Are GDPR 'experts' using scare tactics to oversell?
In the months following the introduction of the General Data Protection Regulation, everyone seems to have become an expert – but do companies actually need to enlist the services of a specialist?
MillerTech operations director Hitesh Sharma says they often don’t – and he should know. A CRM specialist since 1984, the London-based company’s six million members use its system for everything from managing events to qualifications.
Companies found breaching the GDPR legislation could be fined up to €20 million or 4 per cent of its annual global turnover.
“Since GDPR came about everyone’s become an expert,” Sharma told BusinessCloud. “There have been consultancies, law firms and specialists popping up, and people just don’t know if they’re overselling and using scare tactics.
“This might have caused a bit of a ‘wait and see’ approach for those that are a bit more cautious about so-called experts.”
There has been a fivefold increase in the number of self-reported personal data breach notifications in the first full month after the GDPR came into force, the Information Commissioner's Office has revealed.
Sharma says that for companies dealing with data, their CRM system could hold the key, as their CRM provider becomes a data processor on behalf of them as the data controller.
This means they understand the obligations better and therefore are the best people to advise what approach businesses should take.
“You do still get smaller organisations that take on consultants,” said Sharma. “They will just re-emphasise things that are already in the ICO document anyway, so in that sense they have read it and are aware enough of it to become a specialist in the area.
“However, if you go to the ICO website and read the details you should be able to formulate a reasonable understanding of what’s required and the impact on your organisation.
“Sometimes small businesses don’t have time though, which is why they look for consultants. ICO documents can be grey in terms of interpretation as well.”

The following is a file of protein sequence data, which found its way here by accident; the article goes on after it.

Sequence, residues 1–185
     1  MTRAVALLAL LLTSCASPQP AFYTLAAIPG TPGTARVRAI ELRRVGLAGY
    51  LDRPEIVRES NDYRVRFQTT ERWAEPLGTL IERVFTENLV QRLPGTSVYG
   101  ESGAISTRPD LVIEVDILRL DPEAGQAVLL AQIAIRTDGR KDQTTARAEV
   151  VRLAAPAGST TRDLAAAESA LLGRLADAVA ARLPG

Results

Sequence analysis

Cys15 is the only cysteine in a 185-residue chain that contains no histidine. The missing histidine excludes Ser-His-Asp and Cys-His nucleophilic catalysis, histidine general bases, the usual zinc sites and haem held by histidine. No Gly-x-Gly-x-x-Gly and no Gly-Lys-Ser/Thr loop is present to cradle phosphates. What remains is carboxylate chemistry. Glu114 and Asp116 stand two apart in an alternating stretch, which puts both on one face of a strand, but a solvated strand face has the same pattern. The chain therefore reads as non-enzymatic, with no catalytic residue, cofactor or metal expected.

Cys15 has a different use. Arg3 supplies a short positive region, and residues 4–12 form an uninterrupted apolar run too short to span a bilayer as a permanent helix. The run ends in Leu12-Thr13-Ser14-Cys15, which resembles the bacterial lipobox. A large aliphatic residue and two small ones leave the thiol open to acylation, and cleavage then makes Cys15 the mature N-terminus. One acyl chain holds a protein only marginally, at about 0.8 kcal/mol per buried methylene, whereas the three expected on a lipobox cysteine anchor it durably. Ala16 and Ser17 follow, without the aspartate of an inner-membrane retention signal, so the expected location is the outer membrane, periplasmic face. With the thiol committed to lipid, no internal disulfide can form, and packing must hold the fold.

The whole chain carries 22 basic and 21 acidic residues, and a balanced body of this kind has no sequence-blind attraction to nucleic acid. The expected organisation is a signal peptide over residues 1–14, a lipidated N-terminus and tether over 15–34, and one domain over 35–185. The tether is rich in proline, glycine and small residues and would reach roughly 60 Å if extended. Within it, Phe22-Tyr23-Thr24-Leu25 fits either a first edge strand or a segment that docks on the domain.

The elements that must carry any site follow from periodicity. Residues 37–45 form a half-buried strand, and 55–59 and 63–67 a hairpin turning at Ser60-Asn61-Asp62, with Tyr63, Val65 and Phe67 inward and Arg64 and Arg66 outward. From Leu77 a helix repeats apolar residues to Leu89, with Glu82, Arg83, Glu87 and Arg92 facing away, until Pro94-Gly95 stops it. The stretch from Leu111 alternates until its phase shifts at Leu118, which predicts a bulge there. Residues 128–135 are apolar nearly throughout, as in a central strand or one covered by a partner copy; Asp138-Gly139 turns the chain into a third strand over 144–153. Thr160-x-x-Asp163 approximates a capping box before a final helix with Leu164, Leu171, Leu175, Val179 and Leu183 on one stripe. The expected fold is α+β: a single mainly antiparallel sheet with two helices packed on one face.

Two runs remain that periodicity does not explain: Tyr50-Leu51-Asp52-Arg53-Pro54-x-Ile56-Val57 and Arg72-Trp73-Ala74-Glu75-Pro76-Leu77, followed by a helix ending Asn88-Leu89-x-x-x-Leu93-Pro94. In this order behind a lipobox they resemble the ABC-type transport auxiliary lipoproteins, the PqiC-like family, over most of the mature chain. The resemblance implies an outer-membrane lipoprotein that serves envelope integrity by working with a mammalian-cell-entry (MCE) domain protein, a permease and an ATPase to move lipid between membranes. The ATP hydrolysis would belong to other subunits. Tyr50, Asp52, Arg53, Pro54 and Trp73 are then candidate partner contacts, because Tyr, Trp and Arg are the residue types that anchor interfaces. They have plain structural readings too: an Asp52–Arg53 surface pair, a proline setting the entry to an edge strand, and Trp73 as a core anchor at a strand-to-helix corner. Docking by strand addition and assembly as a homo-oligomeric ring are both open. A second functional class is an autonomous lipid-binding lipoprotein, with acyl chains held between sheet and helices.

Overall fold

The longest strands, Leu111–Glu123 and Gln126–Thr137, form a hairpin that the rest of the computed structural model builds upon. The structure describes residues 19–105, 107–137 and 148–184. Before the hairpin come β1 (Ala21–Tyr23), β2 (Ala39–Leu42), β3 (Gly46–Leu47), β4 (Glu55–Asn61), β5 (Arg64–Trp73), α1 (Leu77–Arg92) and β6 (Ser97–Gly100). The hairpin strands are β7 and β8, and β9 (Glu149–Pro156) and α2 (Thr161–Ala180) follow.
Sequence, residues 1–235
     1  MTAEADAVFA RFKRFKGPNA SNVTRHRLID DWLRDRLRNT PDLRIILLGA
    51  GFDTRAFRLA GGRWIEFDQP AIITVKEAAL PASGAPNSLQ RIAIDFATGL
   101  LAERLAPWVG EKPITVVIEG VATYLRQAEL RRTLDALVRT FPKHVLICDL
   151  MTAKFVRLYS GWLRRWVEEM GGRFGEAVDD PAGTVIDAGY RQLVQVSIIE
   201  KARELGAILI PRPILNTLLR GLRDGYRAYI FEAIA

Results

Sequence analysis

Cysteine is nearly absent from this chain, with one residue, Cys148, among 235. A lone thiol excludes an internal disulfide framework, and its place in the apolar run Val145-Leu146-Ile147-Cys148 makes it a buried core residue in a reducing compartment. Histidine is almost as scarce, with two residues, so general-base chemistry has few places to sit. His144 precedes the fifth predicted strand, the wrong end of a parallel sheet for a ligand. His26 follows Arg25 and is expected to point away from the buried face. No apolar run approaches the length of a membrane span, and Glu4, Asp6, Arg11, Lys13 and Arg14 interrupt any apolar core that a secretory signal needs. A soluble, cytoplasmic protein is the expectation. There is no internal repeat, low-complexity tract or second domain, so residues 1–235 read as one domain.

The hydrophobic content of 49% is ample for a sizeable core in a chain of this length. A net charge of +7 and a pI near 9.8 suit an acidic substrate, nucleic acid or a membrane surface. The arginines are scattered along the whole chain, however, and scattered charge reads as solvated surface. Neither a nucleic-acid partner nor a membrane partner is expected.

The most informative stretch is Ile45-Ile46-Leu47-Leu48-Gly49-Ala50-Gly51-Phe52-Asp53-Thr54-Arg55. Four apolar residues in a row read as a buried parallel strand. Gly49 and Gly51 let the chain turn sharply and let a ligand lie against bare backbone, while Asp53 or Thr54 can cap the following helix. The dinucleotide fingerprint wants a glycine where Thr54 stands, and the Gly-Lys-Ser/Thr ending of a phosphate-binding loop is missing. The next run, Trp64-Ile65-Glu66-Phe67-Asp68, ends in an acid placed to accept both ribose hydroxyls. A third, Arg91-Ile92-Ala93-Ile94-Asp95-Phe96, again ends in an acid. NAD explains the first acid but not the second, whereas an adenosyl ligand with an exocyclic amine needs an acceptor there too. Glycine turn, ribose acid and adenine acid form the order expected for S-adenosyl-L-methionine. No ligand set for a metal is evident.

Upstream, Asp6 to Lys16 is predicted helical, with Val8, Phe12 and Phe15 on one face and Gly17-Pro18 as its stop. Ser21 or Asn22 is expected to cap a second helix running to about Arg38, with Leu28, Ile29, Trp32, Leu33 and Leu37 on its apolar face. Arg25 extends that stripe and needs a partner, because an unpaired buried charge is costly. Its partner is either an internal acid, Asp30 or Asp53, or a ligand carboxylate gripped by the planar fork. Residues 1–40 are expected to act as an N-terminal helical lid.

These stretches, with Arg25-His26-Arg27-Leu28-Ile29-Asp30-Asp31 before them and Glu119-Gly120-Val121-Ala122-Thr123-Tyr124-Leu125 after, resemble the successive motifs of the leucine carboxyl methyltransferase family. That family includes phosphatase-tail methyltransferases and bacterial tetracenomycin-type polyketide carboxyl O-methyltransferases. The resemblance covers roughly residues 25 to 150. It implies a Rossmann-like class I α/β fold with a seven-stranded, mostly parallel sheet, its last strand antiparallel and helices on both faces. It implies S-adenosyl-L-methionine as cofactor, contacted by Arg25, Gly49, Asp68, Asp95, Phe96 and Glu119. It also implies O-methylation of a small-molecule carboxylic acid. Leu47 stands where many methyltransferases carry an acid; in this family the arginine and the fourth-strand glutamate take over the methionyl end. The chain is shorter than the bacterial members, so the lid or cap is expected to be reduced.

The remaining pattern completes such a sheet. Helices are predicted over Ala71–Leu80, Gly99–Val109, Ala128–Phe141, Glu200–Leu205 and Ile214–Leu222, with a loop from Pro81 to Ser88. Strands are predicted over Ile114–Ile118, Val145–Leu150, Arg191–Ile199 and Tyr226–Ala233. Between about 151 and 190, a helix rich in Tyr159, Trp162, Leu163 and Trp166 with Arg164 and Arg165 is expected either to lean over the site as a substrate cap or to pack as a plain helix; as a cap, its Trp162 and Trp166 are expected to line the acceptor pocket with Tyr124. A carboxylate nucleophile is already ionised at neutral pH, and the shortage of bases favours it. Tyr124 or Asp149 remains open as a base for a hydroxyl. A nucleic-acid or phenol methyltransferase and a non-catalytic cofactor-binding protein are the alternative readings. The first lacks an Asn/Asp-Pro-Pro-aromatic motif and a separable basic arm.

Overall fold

For any business worried about navigating data privacy in the new landscape, Sharma says it all comes down to legitimate interest.
“The key thing for a business or not-for-profit is how to communicate or share data with its members and a lot falls under legitimate interest,” he said.
“You can contact them and share information as long as it’s for the main purpose of why they signed up to become a member of that organisation – if you follow those principles you should be fairly safe.”
Going forward, MillerTech will focus on customer engagement in the new landscape.
“Customer engagement will increase as GDPR has made people worried whether they have the right to contact people and how to drive those figures, so we’ll need to help there,” said Sharma.
“There are lots of ways to measure this. You can look at things like analytics and reports to see how engaged members are, and whether they book on to events or like your posts on social media.
“Artificial intelligence is also coming about on a lot of websites as a means of support, so we want to see if it has place in CRMs and how it can help people run business processes, potentially answering client questions.”